T lymphocytes expressing the T cell receptor (TCR)-γδ recognize unknown antigens on tumor cells. Here we identify metabolites of the mevalonate pathway as the tumor ligands that activate TCR-γδ cells. In tumor cells, blockade of hydroxy-methylglutaryl-CoA reductase (HMGR), the rate limiting enzyme of the mevalonate pathway, prevents both accumulation of mevalonate metabolites and recognition by TCR-γδ cells. When metabolite accumulation is induced by overexpressing HMGR or by treatment with nitrogen-containing bisphosphonate drugs, tumor cells derived from many tissues acquire the capacity to stimulate the same TCR-γδ population. Accumulation of mevalonate metabolites in tumor cells is a powerful danger signal that activates the immune response and may represent a novel target of tumor immunotherapy.


Human T cells expressing the TCR-γδ represent a unique lymphocyte population with an unusual tissue distribution. These cells are present in both organized lymphoid tissues as well as in the skin- and gut-associated lymphoid systems without any special tropism for epithelia (1). Information has been accumulating regarding the microbial antigens they recognize. A series of small phosphorylated nonpeptidic metabolites which stimulate the Vγ9/Vδ2 population have been identified. Amongst these isopentenylpyrophosphate (IPP)*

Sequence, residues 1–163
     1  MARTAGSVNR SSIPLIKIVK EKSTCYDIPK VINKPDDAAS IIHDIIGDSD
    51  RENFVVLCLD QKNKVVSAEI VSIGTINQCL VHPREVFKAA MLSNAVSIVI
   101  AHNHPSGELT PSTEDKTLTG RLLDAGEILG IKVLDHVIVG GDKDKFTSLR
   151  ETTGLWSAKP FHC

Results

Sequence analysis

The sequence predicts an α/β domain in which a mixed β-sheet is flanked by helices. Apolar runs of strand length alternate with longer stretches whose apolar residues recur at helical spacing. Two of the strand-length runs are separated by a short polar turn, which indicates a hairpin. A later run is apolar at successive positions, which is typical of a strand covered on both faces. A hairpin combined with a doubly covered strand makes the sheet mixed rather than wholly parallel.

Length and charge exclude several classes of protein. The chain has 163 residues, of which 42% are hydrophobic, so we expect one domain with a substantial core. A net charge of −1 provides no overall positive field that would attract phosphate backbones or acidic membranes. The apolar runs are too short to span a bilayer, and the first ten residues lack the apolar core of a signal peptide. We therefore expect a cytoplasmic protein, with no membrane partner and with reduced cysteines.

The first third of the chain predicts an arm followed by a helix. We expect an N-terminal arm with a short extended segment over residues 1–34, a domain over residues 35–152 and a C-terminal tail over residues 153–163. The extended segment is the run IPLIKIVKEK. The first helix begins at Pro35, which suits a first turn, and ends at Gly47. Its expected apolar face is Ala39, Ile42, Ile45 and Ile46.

Abbreviations used in this paper: FPP, farnesylpyrophosphate; IPP, isopentenylpyrophosphate; PAM, pamidronate; ZOL, zoledronate.

is a prototype ligand (2, 3). Some of these ligands were purified from microbial cells and are intermediate metabolites of farnesylpyrophosphate (FPP) synthesis (4, 5). These products are essential for cell survival and are ubiquitous. Therefore, this unique type of antigen specificity was suggested to be best suited for activation of “sentinel” cells independently of any unique antigens derived from individual microbes (6).

An important aspect of antigen specificity of human TCR-γδ cells is their capacity to recognize and kill tumor targets. T cells expressing the Vγ9/Vδ2 heterodimer, the same TCR stimulated by bacterial phosphorylated metabolites, recognize bone marrow–derived tumor cells such as the non-Hodgkin B cell lymphoma line Daudi both in vitro (7) and in a SCID animal model in vivo (8). TCR Vγ9/Vδ2 also recognize and kill the B cell lymphoma RPMI-8233 (9), the T cell lymphoma MOLT-4 (10) and the erythroleukemia line K562 (11). In no case has the activating ligand been identified.